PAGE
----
On Jargon

I’m busy tossing a few things in a bag for a trip with a few mates to waters around Nottingham Road. It’s a scene of chaos and upheaval not too unlike, I imagine,  the sacking of Rome. I’m packing randomly, without system or direction. I should make a list as the mental checklist that I’m working from is pretty much useless. 

When prepping for a fishing trip there are two things that you should never leave to chance. The first is beer on ice. You assume the regularity of rural Midlands liquor store trading hours at your peril. With your luck its market day somewhere and the proprietor is out selling overpriced turnips to tourists and you’re left staring down the dirty barrel of two days of sobriety. It’s not a pretty thing. 

The second is the weather. Until recently it was all a little dicey with the word ‘forecast’ being used in a quaint and almost whimsical way. The most watched programme on TV for decades was the utter mess of half-truths that we called the ‘weather report’. It had a slickness of production usually witnessed in pre-primary school concerts. It starred a hapless civil servant, a large map and much gesticulating with a telescopic radio aerial that had until recently been a component of a mid-seventies Ford Granada.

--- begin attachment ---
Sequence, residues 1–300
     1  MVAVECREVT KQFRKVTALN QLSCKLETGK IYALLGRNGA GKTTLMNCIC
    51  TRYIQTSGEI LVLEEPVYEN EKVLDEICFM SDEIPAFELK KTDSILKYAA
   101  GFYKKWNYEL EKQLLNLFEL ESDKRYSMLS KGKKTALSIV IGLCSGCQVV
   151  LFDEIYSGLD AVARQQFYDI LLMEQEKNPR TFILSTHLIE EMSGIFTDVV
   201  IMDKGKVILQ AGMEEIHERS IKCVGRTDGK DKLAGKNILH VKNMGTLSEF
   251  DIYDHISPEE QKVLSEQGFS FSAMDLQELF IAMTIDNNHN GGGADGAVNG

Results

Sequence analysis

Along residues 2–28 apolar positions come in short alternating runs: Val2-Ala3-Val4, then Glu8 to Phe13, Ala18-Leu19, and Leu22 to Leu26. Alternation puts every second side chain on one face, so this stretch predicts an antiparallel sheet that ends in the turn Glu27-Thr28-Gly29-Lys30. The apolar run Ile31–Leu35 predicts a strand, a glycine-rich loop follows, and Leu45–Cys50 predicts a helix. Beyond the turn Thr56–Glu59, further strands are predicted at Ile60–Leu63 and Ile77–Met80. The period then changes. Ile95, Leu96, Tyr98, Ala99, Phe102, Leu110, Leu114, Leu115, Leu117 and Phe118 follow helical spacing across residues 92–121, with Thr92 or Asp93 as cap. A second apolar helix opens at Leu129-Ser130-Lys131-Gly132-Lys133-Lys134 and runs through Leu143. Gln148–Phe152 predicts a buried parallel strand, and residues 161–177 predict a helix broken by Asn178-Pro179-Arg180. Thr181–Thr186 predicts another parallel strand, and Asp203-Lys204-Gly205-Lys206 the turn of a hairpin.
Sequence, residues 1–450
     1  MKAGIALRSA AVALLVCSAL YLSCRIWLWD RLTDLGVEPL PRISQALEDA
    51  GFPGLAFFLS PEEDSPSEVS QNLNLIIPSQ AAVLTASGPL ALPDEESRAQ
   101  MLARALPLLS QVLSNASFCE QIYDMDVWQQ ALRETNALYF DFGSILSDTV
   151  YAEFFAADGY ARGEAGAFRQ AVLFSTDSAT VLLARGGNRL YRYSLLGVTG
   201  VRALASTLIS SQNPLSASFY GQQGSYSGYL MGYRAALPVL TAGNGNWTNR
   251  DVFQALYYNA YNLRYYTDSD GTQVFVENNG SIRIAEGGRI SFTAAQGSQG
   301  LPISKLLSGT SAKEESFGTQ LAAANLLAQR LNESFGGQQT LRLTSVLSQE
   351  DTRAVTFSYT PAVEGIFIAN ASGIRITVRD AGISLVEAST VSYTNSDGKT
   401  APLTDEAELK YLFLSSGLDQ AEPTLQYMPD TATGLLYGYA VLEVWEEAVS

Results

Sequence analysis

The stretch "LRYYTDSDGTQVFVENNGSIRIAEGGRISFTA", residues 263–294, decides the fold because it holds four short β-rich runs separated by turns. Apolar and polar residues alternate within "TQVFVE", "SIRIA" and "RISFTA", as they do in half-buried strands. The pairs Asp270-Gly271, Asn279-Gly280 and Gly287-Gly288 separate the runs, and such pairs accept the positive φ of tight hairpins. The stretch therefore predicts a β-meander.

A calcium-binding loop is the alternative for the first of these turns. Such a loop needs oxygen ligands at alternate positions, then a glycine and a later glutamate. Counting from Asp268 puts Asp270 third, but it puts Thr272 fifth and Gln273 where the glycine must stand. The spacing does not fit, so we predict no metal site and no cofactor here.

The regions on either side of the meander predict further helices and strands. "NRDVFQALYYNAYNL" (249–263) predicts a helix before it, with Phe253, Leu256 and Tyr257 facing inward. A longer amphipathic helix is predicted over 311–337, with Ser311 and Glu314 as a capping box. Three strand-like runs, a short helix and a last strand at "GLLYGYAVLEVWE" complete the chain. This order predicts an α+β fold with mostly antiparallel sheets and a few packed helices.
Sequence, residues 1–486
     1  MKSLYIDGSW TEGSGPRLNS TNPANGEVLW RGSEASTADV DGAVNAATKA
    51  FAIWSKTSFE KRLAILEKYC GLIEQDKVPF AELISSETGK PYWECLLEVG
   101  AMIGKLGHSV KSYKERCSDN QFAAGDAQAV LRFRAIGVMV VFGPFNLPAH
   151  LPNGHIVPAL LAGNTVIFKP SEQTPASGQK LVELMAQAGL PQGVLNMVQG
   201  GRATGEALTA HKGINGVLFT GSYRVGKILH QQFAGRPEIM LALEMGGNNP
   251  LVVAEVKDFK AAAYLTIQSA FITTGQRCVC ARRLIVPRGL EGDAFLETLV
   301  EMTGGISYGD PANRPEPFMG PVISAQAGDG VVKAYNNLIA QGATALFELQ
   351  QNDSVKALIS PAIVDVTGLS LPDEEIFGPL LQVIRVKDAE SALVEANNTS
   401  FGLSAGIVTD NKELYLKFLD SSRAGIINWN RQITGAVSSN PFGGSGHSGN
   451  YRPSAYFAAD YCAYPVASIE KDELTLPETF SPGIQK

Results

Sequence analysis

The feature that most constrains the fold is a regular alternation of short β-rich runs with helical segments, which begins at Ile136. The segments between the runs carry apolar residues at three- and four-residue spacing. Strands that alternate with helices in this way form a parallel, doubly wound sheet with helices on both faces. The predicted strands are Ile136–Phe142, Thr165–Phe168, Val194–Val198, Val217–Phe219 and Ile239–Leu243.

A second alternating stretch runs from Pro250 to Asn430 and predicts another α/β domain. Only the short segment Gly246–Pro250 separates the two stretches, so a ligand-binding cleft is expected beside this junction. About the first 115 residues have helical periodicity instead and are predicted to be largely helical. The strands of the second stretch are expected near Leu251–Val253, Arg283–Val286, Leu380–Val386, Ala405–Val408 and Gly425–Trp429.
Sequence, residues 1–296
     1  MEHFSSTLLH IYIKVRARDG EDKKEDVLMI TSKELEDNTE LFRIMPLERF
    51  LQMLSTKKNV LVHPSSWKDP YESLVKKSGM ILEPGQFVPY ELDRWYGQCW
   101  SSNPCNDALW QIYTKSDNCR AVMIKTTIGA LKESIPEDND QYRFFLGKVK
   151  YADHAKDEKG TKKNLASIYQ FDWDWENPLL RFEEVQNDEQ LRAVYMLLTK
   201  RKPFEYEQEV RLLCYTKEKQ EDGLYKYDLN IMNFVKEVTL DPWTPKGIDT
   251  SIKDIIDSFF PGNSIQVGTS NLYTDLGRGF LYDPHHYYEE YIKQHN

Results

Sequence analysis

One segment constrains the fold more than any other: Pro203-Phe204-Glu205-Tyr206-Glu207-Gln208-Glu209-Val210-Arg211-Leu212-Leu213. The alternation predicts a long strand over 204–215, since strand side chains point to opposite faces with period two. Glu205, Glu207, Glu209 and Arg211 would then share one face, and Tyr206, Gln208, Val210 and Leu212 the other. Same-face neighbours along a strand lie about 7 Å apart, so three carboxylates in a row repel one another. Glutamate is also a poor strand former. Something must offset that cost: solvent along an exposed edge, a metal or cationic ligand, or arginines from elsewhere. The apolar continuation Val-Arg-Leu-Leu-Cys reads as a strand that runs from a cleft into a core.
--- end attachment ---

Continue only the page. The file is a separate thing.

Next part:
There’s a low pressure system over ‘Gordonia’, you say? Where the hell is Gordonia, I say? They still had proper synoptic charts back then – the ones with the little stick placed at weather stations that pointed in the forecasted wind direction. Wind speed was denoted by little lines off the main stick. My middle age myopia was (despite what you may have been told) caused by squinting and straining my eyes to count these lines ahead of fishing trips. At best this ‘forecast’ was an educated guess – a 50% probability of being almost, but not entirely, totally inaccurate. 

Nowadays we honour the ritual by browsing various weather ‘apps’ and websites on the internet. These things are ridiculously detailed. The problem with them is that to understand them you need an advanced degree in meteorology.

For instance, what exactly is a 4m/s wind? If I understand it correctly it suggests that this breeze would cross my bedroom in about 2 seconds. That’s pretty quick. I couldn’t do that in my prime and in my best running shoes.

By comparison, when I squeeze out a sneaky one in the bedroom it takes a lot longer than that for the missus to start waving her arms about. Purely to benefit your understanding of relative wind speeds and to promote and extend my existing body of personal scientific investigation I’ve done some calculations and have concluded that I fart at about 100mm/second. I was hoping that it would be a lot more impressive than that but it’s returned a most useful comparative outcome.